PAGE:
Money Trends Research, 2 January 2012
One of the most frustrating issues to haunt the halls of alternative economic analysis is the threat of misrepresentative terminology.
For instance, when the U.S. government decided to back the private Federal Reserve in lowering the interest rates on lending windows to European banks last month, they did not call this a bailout, even though that’s exactly what it was. They did not call it quantitative easing, or fiat printing, or a hyperinflationary landmine; rarely does bureaucracy ever apply honest terminology to their subversive activities.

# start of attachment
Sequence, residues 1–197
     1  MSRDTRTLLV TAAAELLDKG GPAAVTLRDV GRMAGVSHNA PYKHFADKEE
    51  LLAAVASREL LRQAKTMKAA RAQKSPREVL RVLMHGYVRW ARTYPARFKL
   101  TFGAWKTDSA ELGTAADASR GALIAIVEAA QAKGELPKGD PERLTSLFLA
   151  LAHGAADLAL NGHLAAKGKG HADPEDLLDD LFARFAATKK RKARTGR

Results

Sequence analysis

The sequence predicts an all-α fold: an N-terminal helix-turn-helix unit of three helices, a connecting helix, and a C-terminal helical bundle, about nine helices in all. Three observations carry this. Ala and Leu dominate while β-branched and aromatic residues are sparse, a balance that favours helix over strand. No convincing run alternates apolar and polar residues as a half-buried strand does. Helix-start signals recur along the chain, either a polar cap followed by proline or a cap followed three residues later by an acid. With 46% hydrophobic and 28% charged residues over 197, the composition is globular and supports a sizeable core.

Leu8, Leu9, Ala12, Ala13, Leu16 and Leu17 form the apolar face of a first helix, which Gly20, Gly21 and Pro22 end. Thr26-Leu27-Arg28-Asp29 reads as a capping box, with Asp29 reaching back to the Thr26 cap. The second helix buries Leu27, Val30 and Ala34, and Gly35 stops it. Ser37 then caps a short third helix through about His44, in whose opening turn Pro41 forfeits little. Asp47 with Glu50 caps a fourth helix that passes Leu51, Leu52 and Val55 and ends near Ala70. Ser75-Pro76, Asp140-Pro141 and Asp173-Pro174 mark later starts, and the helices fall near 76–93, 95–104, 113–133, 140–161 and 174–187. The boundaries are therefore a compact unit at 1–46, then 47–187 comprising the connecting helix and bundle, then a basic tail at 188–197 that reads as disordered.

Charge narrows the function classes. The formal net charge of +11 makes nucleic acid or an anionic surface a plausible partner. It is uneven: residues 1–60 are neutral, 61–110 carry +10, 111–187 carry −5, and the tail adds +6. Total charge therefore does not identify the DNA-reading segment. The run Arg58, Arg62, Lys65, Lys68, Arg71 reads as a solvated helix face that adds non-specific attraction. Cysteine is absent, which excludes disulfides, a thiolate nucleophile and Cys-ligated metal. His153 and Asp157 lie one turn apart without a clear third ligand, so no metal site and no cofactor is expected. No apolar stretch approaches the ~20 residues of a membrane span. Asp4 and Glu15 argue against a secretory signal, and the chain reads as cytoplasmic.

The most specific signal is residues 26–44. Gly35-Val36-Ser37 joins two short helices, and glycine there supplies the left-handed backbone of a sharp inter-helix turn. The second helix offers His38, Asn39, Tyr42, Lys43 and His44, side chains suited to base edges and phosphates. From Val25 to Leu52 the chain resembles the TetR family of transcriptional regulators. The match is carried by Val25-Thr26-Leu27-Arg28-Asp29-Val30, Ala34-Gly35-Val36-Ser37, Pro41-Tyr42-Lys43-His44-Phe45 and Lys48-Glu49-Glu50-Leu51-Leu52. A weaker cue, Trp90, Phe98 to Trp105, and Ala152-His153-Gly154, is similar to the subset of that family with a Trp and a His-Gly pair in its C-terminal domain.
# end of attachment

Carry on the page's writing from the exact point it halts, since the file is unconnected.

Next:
False terminology is the bane of every honest analyst, because in order for them to educate and awaken those who are unaware of the truth, they must first battle through the daunting muck of the general public’s horrifically improper perceptions and vocabulary.
PhiBetaIota: There seems to be an emerging conflict between those who control actual natural resources, and those who control printing presses and goons with guns. Some of the stuff being planned for 21 December 2012 is mind-boggling. The good news is that the eugenics / rule by secrecy crowd appears to finally be losing to the diversity / open source everything crowd. We are pleased to be part of the latter group.